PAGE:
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Cooking Oil: So hot it’s smokin’

That's right, I'm talkin' to YOU.

So it occurs to me that you might not be completely clear on smoke points for cooking oils, which can not only be dangerous from a flash point perspective, but also in terms of the havoc a pan full of flaming oil can wreack when you’re trying to get a damned meal on the table without burning down the house. Pardon me if you already know this stuff. Perhaps you’d like to revisit an earlier post or contemplate the baffling appeal of Erik Estrada while the rest of us discuss it.

Here we go. Cooking oils will begin to smoke at different temperatures. You don’t want oils to smoke. TV cooks may tell you that the oil in a pan needs to be on the verge of smoking, but I have never been able to pull back or avoid a conflagration once I’m that close to the edge. Too tempting. “Just a little higher, baby. Just two or three degrees more. C’mon. C’MON!” And before you can say “Freeze! LAPD!”  the smoke detector is screaming, the pan’s on fire and your eyebrows are gone.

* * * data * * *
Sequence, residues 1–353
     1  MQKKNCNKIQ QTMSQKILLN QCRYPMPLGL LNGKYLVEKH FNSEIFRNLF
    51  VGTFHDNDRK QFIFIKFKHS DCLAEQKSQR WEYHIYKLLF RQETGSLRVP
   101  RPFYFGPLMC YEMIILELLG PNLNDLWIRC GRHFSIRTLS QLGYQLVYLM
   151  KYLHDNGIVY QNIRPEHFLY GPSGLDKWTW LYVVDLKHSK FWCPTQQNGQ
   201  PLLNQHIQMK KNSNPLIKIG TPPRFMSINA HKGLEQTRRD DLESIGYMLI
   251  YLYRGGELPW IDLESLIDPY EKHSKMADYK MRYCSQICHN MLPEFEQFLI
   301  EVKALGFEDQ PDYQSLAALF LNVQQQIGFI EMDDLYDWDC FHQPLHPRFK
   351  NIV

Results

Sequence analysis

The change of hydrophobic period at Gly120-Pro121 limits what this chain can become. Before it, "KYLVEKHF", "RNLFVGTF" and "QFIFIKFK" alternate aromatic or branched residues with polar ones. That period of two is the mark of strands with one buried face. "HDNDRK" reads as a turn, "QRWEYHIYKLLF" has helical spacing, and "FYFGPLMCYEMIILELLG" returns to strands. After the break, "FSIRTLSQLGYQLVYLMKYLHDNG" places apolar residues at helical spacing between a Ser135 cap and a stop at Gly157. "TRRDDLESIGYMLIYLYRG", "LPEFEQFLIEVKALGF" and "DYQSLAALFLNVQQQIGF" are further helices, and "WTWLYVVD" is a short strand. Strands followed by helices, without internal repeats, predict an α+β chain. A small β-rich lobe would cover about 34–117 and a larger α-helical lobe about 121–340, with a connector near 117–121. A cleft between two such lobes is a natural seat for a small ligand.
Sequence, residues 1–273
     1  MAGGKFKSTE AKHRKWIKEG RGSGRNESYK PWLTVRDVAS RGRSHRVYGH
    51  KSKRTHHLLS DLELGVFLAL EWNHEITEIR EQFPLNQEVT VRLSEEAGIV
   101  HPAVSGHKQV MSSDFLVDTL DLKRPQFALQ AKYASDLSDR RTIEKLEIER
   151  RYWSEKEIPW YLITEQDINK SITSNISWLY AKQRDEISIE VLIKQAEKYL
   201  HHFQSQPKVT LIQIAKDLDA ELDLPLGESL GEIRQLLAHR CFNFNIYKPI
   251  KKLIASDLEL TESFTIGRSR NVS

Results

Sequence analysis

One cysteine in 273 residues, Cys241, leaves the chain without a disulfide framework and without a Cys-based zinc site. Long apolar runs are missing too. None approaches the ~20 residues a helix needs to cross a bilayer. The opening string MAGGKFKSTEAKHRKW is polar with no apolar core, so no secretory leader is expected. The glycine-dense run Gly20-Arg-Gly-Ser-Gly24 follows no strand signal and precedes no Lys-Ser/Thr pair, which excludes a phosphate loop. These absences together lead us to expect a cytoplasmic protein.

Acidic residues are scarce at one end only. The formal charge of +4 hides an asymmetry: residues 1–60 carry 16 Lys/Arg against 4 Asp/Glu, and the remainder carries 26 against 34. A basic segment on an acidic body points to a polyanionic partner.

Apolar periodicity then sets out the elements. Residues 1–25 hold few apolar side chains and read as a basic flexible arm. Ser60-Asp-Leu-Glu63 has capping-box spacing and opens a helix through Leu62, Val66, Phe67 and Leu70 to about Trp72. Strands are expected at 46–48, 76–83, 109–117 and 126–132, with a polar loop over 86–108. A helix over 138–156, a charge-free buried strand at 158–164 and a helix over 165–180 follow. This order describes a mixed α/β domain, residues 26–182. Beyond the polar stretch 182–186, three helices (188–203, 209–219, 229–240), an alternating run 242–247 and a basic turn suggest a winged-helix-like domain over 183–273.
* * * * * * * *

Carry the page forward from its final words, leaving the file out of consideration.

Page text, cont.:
For an all-inclusive list of oils and their smoke points, check Wikipedia. It’s confusing, but complete.

For those of you with limited attention spans, these are my rough guidelines. All temps are approximate and in Fahrenheit. I have no idea what Celsius equivalents are, and I don’t care.

  • As a rule the more refined the oil is, the more heat it can take and the milder its flavor. There are exceptions, but I’m not going to get into them here. I just don’t get that deep.
  • Lowest smoke points are butter (350 degrees), lard (360-400) and most unrefined oils.
  • Generally olive oil (365-400 or so) can take more heat, but it varies according to purity and the amount of refining.
  • Other high-heat, refined oils are grapeseed (420-485), canola (400-435), sesame (410-450), peanut (440-450), corn (410-450), avocado (520) and vegetable.

If you want to sere something, use a high heat oil. To add butter flavor, mix butter with an oil that has a higher tolerance, but be careful of flavors – for example dark (or toasted) sesame oil can add a strong flavor, while corn oil has very little taste.

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